It is important to remember that present day borders are political realities that do not efface common geographic, geologic, botanical, and ethnographic/cultural unities belonging to these old regions on either side of the presently drawn political boundaries.
These shallow lakes are north of the Halkidiki Peninsula southeast of Thessaloniki, above the three fingers that project into the Aegean. Volvi, the larger, is one of the largest natural lakes in Greece, and is farther east. Koronia is also known as Langhadha.
Though both are designated Ramsar sites (internationally significant protected wetlands), both have suffered severely from conversion of former marshland to farmland and from pollution.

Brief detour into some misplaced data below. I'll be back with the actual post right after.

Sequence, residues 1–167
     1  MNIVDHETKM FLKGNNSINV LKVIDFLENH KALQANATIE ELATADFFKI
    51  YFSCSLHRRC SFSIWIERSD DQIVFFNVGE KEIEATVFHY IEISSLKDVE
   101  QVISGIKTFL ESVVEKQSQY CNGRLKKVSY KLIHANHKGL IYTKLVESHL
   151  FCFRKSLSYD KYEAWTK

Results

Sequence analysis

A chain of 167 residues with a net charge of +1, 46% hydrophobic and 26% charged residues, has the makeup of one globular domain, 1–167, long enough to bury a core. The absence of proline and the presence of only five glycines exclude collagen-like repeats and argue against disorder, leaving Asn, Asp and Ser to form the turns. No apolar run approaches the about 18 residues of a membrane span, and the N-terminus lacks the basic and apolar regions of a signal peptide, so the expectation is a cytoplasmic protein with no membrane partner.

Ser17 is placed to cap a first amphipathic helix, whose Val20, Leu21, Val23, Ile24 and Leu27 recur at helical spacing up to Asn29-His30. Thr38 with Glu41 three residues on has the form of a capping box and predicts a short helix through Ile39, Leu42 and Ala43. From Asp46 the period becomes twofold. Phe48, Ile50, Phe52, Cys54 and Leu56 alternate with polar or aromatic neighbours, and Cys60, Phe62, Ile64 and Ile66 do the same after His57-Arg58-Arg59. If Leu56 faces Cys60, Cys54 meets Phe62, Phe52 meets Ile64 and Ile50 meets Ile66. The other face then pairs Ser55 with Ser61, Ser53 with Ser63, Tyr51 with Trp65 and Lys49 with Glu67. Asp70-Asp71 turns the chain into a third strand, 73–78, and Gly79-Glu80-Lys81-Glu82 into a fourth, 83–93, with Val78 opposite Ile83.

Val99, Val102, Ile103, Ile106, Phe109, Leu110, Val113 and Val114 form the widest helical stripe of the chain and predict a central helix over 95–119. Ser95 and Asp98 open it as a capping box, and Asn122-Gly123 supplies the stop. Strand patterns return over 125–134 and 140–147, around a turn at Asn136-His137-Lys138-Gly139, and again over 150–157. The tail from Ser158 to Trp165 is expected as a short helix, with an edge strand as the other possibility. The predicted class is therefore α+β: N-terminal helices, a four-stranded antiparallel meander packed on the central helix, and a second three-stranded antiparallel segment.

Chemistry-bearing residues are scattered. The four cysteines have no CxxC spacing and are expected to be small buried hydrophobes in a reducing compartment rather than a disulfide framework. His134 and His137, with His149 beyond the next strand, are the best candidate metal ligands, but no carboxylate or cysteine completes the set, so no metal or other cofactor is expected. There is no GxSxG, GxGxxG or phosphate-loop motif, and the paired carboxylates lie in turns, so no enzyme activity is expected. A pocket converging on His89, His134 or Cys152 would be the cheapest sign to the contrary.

With the protection now belately given them, there is a chance of stopping further damage and even reversing it. Many birds breed in the remaining reedbeds and marshland of both lakes, and, as with other wetland, many visit outside of breeding season, including both white and Dalmatian pelicans (mostly white), and greater flamingos. Vast numbers of grebes of various kinds have been recorded in winter here.
There is also some good flora, as well as fish and amphibians, as well as otters, bats, and dragonflies. Various birds also breed in the nearby hills, which are wooded with evergreen oaks. Some birds of prey breed in the Rentinas Gorge which is located between Lake Volvi and the sea. One can see the lakes from the main road that flanks their southern edges, E 90/E 5; there are some dirt roads down to their shores here and there.